on costs of materials that even for prototypes can run up total project costs.

3D
Printing Process & Materials For Prototyping

The selection of 3D printing process and
material can be adjusted for specific needs at every stage of product design.

During initial prototyping stages, a low-cost
material can be used with low infill and thicker layers, lowering material
costs and speeding print time to create a rough-and-ready first look at a new
design.

Whether plastic or metal, 3D printing can
quickly fabricate a product that will come to look and feel just like the
desired end result.

By starting with a low-cost plastic material
and moving after a few iterations to metal, for example, a product that will
eventually be conventionally fabricated using metal can come to market much
more quickly than would be the case by machining each iteration — a
traditional pathway that ultimately costs much more in terms of time, money,
and labor.

Following early proof-of-concept stages,
subsequent versions can be made similarly quickly to get to just the right look
and fit before moving into more finessed prototypes. Tweaking a digital file to
adjust for better look, fit, appropriate scale, or other needs can be done
quickly, with a next iteration 3D printed potentially same-day.

Some 3D printing options, like HP and Carbon, also enable the capability of prototyping and producing on the same system or family, as different materials and parameters can move ever closer to a market-ready product. By iterating on the same system that will be used for the final product, quality control can be kept in-hand every step of the way, meaning there are no surprises when the first end-use production begins.

3D
Printing For Prototyping

When working with a service bureau like
Shapeways, additional expertise and access to different technology suites comes
into play for a high-quality experience every step of the way.

Shapeways’ rapid prototyping services offer:

Fast Turnaround

Our quick print turnaround times ensure that you’ll get your prototypes back faster than you would with traditional manufacturing processes.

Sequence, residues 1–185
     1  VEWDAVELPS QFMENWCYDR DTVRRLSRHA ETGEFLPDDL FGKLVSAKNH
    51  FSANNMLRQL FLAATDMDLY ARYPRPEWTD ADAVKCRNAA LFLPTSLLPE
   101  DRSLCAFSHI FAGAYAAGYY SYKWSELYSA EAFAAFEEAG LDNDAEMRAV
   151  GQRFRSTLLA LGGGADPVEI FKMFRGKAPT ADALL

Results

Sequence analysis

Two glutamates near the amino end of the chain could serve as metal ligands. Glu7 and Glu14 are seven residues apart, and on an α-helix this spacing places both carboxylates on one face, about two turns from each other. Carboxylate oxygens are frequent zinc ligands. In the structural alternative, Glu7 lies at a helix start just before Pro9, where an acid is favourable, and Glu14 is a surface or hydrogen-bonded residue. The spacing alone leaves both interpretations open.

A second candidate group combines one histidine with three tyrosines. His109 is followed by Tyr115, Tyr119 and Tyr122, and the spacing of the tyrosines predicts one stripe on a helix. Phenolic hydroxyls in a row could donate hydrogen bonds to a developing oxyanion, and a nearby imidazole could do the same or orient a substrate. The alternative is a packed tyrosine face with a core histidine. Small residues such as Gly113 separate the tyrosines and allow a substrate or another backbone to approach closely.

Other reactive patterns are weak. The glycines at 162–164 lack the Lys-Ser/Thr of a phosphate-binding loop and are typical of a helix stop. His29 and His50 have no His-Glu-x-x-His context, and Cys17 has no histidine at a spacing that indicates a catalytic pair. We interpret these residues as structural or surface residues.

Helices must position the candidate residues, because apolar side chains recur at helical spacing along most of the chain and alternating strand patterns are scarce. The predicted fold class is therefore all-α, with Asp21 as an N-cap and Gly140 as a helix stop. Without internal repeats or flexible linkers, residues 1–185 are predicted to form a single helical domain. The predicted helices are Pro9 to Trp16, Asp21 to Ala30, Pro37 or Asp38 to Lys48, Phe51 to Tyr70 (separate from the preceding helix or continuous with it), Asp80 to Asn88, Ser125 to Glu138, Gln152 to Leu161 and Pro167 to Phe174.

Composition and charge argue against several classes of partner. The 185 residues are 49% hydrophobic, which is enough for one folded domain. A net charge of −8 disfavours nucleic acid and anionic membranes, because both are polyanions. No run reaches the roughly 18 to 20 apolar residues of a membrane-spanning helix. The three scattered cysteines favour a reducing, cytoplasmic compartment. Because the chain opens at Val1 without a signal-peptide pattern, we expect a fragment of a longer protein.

Variety of Materials

Our wide selection of materials allows you to test your products in everything from plastic to metals.

Reliable Quality

Our high quality enables you to assess factors such as ergonomics, usability, manufacturability, and material testing.

When it’s time to move to the next phases of prototyping, a different 3D printing process and/or material may be in order to start getting into the right look and feel for a final product. Working with an experienced service partner offers helpful guidance in making these selections and moving on rapidly to the next iteration, ensuring the right choice is made at every step and keeping your project on track, on time, and looking just as you designed it.

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COVID-19: Ivaldi’s Nora Toure on 3D Printing and the Supply Chain

Last year, Nora Toure made a very interesting talk on the impact of 3D printing on the global supply chain. The topic was a prescient one, given the events to come in 2020. In turn, I have interviewed Toure about how the topic has evolved since the COVID-19 pandemic.

It’s been a year since you last gave your talk on how 3D printing will disrupt the global supply chain. Can you give a review of the supply chain and 3D printing between that talk and now?

A lot has happened since then, as far as implementing Ivaldi Group’s distributed manufacturing solution! Since my TEDx talk on disrupting supply chains with additive manufacturing, we’ve delivered the world’s first maritime spare parts on merchant vessels, we continued digitizing, optimizing and reviewing performance of thousands of spare parts, not only in maritime, but also in automotive, construction and mining.

The world’s first 3D-printed scupper plug.

I believe the adoption of additive manufacturing in supply chains optimization will be boosted in the next few months as heavy industries will go back to business and recover from the COVID-19 pandemic. The potential of additive manufacturing goes beyond technical comparison between materials and manufacturing process. Shipping, warehousing,  procurement, CO2 emissions, downtime are all savings that need to be taken into account when comparing current supply chain models to distributed manufacturing enhanced supply chains.